Everyone wants a piece of a celebrity. Pierre is a political reporter, assigned to write a fluff piece on Katya, a blond who acts in slasher movies and a Fox show about single girls in the city. The interview, at a restaurant, goes badly: she's late, he's unprepared and rude. After leaving, he bangs his head in a fender bender and she takes him to her loft to clean the wound. Lubricated by alcohol and competitive natures, the interview resumes. She takes phone calls from her fiancé, Pierre reads her diary on her computer. They discuss wounds, he expresses concern, father-daughter feelings arise. Out come camcorders to tape their darkest secrets. Is friendship or more in the offing? Written by
Right after the taxi, where Pierre (Steve Buscemi) is in, hits a van, and the shot moves over to the bus, the name of the moving company is clearly visible. It is named "Van Gogh Movers". Theo van Gogh is the director of the original Dutch version of this movie. Also, the fan asking Katya for an autograph is named Theo. See more »
Right before Pierre asks to use Katya's bathroom, she jumps onto her couch and then fixes her right shoulder strap on the top she is wearing. In the next few scenes, the strap alternates positions. See more »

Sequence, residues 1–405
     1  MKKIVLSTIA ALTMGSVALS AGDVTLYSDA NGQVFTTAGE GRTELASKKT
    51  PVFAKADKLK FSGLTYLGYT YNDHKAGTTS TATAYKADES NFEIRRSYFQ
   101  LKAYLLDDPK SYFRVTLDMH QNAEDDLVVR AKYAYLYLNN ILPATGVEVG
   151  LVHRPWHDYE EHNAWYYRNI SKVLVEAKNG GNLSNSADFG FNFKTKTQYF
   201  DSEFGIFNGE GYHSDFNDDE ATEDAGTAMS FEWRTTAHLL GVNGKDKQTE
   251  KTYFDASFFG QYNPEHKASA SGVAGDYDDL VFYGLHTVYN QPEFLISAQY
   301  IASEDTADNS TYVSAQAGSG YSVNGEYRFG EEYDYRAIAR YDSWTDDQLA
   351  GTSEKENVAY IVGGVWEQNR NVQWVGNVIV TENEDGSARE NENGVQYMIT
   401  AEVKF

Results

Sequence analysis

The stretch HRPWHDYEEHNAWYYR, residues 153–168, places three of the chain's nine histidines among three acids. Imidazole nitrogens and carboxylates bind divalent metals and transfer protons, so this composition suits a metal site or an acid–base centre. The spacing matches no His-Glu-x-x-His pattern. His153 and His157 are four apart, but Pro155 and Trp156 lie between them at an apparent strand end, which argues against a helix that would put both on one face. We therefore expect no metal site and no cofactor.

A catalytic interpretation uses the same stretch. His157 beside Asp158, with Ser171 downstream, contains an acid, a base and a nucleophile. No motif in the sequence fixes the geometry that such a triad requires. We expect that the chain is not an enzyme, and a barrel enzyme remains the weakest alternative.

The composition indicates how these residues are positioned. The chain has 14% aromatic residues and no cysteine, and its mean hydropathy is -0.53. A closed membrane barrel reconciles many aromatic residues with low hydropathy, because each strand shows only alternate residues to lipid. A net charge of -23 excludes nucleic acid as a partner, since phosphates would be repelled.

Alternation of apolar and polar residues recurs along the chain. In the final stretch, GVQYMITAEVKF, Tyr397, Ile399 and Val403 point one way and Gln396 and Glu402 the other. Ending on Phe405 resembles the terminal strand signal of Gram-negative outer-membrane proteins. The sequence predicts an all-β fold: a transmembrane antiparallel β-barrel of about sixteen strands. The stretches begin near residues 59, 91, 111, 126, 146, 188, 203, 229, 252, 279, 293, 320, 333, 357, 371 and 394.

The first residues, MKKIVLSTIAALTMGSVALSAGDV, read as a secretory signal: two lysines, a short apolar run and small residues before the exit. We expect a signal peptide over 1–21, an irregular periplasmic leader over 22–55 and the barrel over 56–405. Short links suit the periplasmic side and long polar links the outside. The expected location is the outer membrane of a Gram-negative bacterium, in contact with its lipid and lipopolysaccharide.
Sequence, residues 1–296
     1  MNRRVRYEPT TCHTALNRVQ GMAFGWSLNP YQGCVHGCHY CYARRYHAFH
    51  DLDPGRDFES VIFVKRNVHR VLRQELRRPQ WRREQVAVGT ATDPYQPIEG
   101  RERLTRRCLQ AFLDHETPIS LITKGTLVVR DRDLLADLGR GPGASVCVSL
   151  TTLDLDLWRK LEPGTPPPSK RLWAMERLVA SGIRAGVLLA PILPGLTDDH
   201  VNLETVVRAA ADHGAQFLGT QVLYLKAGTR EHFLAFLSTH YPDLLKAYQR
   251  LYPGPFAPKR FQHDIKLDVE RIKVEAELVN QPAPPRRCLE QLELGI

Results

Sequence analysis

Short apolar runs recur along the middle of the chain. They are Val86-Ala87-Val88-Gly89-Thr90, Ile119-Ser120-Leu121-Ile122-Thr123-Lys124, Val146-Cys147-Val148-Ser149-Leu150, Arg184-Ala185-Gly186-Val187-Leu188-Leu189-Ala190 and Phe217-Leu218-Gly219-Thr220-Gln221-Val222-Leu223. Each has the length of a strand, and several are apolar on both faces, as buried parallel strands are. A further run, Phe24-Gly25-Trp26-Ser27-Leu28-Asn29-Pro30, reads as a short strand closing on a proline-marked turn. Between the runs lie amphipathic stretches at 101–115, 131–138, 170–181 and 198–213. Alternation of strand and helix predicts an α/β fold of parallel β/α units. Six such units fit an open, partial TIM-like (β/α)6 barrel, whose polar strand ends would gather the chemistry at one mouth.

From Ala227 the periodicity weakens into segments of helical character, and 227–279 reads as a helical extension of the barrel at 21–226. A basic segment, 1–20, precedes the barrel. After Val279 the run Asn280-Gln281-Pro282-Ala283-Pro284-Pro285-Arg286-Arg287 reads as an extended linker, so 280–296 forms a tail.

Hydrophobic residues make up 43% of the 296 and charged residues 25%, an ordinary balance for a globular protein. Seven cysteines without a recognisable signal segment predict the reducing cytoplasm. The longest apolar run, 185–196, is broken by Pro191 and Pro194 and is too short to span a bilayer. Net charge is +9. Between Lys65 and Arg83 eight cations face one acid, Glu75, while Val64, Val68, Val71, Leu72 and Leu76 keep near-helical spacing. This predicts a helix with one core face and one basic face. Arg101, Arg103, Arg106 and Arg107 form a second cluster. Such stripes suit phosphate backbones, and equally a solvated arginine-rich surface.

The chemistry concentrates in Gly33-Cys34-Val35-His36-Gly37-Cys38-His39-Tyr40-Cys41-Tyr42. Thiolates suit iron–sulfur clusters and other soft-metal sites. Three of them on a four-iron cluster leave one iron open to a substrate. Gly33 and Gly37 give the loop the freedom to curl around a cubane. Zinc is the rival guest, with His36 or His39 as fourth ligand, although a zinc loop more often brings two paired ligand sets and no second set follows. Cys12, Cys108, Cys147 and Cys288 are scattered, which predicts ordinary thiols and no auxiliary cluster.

Do you like fishnet stockings, Pierre? Wait. Let me rephrase. Why do you think it is that men like fishnet stockings so much?
They look good on women.
Fishnet stockings are a net, and the woman is imprisoned in this net like a fish. Do you get it?
Yeah, and what about high heels?
Well, high heels make walking very, very difficult. So you see, nothing would be more attractive to a man than a woman wearing fishnet stockings and high heels because she has trouble walking and she's imprisoned ...
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Remake of Theo Van Gogh's film of the same name. This is the story of a self important reporter forced to do a celebrity interview with an actress "best known for who she sleeps with".
Good but far from deep-despite what the film thinks-sparring between characters is an amusing if at sometimes uncomfortable 85 minutes. The joy here is watching the actors do what the do best. The real joy here is watching Sienna Miller who proves she really can act. After a few borderline roles and a cringe inducing performance (at least in the trailer) in Stardust she proves that she is oh so much better than we are giving her credit for (clearly she really isn't just an actress best known for insulting cities and whom she sleeps with).
If there is any flaws its a couple of odd twists that seem to occur just to have something dramatic happen and to prove what bad people the characters are. Its a minor flaw.
Is it worth seeing? Yes. But I don't know if it really needs to be seen on the big screen
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